UK Football

Louisville's Scruggs primed to gobble up Cats

LOUISVILLE — Greg Scruggs, who starts at defensive tackle for Louisville, breaks down his off-season preparation this way: work out, eat, sleep.

While some players were slimming down and adding speed, Scruggs' job was adding bulk. Pat Moorer, U of L's strength and conditioning coach, supervised.

At 6-foot-4, 273 pounds, the junior out of Cincinnati's St. Xavier still will be about 20 pounds less than the Kentucky players who will line up against him in Saturday afternoon's season opener.

Scruggs ate 6-8 times a day every day. Since January, he has added 25 pounds, 15 since May.

"Anything and everything that I could find to eat, that was my job," he said. "I ran into Coach Moorer at Subway and I had a sandwich, like a grilled chicken sandwich.

"He said, 'I hope you got extra mayo. Get extra bacon. And why don't you grab three or four cookies while you're at it.'"

Anything and everything included lots of bagels. "I hate bagels now," he said. "I used to love them."

Now, he's still a mean, lean tackling machine, yet bigger than a year ago.

There is little resemblance to the Greg Scruggs who, through his first three years of high school, played in the marching band.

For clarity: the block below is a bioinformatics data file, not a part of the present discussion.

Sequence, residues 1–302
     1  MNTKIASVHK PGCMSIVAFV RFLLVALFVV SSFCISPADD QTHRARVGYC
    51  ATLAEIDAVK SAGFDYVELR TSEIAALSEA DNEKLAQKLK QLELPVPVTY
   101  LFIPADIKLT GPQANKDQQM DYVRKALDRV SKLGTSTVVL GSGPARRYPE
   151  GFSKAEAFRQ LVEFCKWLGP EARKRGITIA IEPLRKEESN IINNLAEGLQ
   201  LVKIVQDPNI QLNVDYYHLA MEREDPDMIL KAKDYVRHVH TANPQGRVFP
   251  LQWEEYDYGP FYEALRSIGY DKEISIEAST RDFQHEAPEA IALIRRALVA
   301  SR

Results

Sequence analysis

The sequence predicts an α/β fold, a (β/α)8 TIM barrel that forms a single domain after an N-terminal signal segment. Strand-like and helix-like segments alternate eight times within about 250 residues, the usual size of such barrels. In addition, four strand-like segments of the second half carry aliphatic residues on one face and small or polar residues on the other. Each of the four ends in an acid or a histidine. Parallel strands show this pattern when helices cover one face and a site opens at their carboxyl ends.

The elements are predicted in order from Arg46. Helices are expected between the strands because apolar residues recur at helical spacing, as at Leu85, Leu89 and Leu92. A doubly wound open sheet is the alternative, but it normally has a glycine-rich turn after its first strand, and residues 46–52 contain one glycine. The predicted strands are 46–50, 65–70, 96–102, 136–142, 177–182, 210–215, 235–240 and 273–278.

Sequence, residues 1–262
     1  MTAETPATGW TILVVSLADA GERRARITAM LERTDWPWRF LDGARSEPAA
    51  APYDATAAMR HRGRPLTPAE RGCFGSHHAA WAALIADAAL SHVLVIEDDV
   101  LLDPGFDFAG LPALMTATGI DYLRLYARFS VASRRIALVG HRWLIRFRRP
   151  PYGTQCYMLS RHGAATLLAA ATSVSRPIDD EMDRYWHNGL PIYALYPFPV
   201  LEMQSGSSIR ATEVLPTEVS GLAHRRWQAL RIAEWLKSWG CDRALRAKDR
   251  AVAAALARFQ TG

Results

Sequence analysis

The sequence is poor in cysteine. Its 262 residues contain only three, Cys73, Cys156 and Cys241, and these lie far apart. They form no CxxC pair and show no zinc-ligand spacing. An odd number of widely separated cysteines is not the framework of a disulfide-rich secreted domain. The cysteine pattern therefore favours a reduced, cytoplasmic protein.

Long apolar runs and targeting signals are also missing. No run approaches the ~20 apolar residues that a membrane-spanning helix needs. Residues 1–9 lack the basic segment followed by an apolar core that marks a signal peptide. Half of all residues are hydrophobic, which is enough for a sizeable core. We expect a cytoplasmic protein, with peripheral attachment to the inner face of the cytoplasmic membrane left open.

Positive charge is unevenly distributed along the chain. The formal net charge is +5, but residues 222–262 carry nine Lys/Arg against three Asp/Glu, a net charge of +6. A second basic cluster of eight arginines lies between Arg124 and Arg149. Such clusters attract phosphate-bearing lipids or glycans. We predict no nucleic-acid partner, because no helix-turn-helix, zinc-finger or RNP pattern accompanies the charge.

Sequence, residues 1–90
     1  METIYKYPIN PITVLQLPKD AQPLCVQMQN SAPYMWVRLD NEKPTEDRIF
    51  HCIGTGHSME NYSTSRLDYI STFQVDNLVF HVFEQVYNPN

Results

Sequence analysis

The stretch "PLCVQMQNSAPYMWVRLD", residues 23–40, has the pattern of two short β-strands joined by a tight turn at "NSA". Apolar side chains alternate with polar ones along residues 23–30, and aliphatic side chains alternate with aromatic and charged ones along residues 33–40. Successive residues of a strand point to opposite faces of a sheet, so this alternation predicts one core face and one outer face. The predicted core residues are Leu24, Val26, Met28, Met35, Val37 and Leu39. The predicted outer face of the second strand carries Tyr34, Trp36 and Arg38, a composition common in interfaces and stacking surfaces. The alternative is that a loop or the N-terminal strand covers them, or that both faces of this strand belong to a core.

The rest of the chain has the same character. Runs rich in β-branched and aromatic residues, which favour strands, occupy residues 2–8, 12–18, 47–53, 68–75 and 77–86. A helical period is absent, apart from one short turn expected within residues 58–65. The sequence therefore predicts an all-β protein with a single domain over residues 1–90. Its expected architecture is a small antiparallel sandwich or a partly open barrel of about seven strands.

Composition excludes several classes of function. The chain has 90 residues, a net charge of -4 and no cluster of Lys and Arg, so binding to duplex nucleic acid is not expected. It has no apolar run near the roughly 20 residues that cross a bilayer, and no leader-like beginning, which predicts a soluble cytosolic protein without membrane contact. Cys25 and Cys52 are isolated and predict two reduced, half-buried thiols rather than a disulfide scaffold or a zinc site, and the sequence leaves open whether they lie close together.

His first year of football, as a senior at St. Xavier, he helped his team to a 15-0 record, an Ohio state title and a No. 1 national ranking.

He made three starts for U of L as a true freshman and, last year, started all 12 games. Of his 24 stops last season, 6.5 were tackles-for-loss.

Buoyed by former U of L and Denver Broncos standout Tom Jackson, Scruggs has no fear of competing against bigger opponents.

"Tom Jackson ... told us that on defense gaps open this way," Scruggs said, spreading his arms horizontally. Then, moving his arms to a vertical position: "Not this way.

"So I would say no, our size is not the issue. It doesn't matter how big or how small you are as long as you execute your fundamentals, as long as you execute your technique."

Coach Charlie Strong has planned for this game, knowing all along that his defensive line would be at a size disadvantage.

"We're going to have to use our speed and quickness," Strong said. "And once we get our speed and quickness going, then we get stronger. What you can't do when you're little, you just can't allow people to lock in on you, and that's why we're going to have to do some movement. We can't blitz them all the time, but we need to move them just to give them a chance because we're not very big."

There's no doubt about the cross-state rivalry being big.

UK leads the series 13-9, with wins the last three years.

As a relative newcomer to the sport and being from across the border, Scruggs said he didn't grasp the intensity of the rivalry right away. He knows now, though.

"The game means a lot and I think that on Saturday at 3:30 you will see from both sides of the ball how much it means, how much emotion that's going to go into the game, how much passion that we have for each of our respective teams," he said. "I think this rivalry is a great one. I love being a part of it because not everybody can kick off their season with an opportunity like this to go and compete, actually compete, in a tough battle."